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The Gasser version intake manifold and dual carbs in the Revell Gasser kits are entirely different than the factory stock intake and dual carbs in the Revell kits.  They are exact copies of 1/1 scale name brand aftermarket components (although I do not recall what the brands were). 

As I recall, the original planning envisioned the Gasser engine as being fuel injected, but as Y-Block experts know, that engine required a very different fuel injection intake manifold configuration (because of the Y-Blocks unusual cylinder head intake spacing), and Revell did not have the time available to track down a 1/1 scale example to use as a basis for the kit parts.   The setup actually in the kits was the follow-up plan.   

I too would guess the car would have run in the B/G to D/G, or most likely, C/G classes back in the day. 

I also agree that a truly competitive, top end Gasser entry would have probably replaced the Y-Block with an FE Ford V8 in the 1960's....

TIM  

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14 hours ago, Snake45 said:

Oh wait, just saw the 321 CI decal. So maybe it WOULD drop into D/G. 

The '57 Ford was available with a 312 engine...why bother modifying it to get another whopping 9 cubic inches? I suspect the decal is a figment of somebody's imagination.

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2 hours ago, Casey said:

That's exactly what it is. Revell previously released the Glasses Gasser II '62 Corvette kit, which  also applied a loose interpretation of the word "gasser" so this isn't a new thing.

612Wl5aMAdL._SX679_.jpg.d62c353535db607c87694f2be2f0786d.jpg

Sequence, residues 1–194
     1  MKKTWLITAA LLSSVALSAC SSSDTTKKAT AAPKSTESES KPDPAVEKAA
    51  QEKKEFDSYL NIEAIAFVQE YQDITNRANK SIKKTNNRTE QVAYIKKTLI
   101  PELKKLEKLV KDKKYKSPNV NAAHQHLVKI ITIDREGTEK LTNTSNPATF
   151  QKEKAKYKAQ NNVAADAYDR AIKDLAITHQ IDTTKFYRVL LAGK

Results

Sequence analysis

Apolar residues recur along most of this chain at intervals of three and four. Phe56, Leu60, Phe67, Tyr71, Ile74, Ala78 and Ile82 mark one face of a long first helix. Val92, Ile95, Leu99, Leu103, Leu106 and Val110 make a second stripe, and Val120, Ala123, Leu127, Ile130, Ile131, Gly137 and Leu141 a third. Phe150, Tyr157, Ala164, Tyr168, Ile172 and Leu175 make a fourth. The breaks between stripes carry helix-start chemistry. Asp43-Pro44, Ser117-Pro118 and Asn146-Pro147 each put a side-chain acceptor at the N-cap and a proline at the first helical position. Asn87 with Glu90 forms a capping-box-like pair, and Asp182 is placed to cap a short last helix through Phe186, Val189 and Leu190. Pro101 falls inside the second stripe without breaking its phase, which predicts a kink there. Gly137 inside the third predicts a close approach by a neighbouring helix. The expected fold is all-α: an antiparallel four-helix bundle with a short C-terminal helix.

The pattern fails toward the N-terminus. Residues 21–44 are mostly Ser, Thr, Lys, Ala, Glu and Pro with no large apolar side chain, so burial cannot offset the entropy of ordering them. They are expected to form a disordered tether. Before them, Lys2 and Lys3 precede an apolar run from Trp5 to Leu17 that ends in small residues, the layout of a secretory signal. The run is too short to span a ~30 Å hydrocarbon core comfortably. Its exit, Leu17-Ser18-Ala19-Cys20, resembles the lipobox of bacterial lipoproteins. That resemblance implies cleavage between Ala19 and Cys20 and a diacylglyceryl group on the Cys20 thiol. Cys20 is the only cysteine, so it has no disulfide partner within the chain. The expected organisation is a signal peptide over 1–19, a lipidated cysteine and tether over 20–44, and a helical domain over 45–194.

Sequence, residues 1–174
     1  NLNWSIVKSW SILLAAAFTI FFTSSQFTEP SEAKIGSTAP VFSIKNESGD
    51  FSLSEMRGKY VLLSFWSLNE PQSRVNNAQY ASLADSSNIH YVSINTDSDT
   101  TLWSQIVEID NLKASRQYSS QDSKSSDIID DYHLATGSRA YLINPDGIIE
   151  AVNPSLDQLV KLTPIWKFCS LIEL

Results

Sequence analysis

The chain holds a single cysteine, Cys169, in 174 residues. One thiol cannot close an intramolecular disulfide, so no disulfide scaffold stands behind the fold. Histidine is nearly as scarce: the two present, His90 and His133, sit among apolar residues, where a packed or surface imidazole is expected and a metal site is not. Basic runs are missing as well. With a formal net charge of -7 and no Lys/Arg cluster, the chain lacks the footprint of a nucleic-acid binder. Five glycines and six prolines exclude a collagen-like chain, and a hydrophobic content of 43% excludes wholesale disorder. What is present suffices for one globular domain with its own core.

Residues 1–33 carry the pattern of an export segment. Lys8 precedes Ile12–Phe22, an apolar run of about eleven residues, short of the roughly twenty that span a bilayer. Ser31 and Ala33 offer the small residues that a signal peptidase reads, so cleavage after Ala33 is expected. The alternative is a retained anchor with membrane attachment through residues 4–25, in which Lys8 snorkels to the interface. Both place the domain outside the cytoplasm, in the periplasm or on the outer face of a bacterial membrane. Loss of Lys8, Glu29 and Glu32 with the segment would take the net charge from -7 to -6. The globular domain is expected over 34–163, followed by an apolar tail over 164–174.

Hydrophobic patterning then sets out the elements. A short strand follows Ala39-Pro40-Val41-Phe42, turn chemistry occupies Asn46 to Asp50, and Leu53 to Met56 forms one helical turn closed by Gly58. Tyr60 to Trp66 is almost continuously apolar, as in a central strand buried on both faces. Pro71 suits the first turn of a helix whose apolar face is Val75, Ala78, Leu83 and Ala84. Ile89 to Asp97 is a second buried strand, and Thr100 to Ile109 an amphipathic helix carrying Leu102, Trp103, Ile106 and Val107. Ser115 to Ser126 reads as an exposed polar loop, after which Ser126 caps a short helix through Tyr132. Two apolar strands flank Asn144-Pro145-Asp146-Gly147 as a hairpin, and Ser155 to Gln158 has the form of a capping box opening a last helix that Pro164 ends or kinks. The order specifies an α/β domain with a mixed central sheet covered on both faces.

Based on

Image result for corvette gasser

Which is base on.. 

Image result for mazmanian corvette

Edited by Daddyfink

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On 10/31/2019 at 12:28 PM, Dave Darby said:

If you want to build an accurate bumperless 57 Ford gasser, you need to trim the bottom of front fenders even with bottom of the grille. Revell got that area wrong. 

Correct! The front of this is a train wreck IMO. Everything was stretched to make the bottom of the bumper level with the bottom of the rocker panel, which it is not.

You also need to fix the front fenders, rear quarters, tail light bezels and gauge cluster hump on the dash. 

 

download (14).jpg

 

 

imageproxy.jpg

1957-Ford-Custom-right.png

Edited by Sledsel

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3 minutes ago, Sledsel said:

Correct! The front of this is a train wreck IMO

You also need to fix the front fenders, rear quarters, tail light bezels and gauge cluster hump on the dash. 

 

download (14).jpg

 

imageproxy.jpg

Very true. Our friend Tulio did a YouTube comparison between the AMT and Revell 57 Fords and pointed all of that out. Were it not for Revell being the only game in town if you want a wagon or 300 sedan, (Extra detail on chassis and engine not withstanding...) the AMT kit trounced the Revell kit. 

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4 minutes ago, Dave Darby said:

Very true. Our friend Tulio did a YouTube comparison between the AMT and Revell 57 Fords and pointed all of that out. Were it not for Revell being the only game in town if you want a wagon or 300 sedan, (Extra detail on chassis and engine not withstanding...) the AMT kit trounced the Revell kit.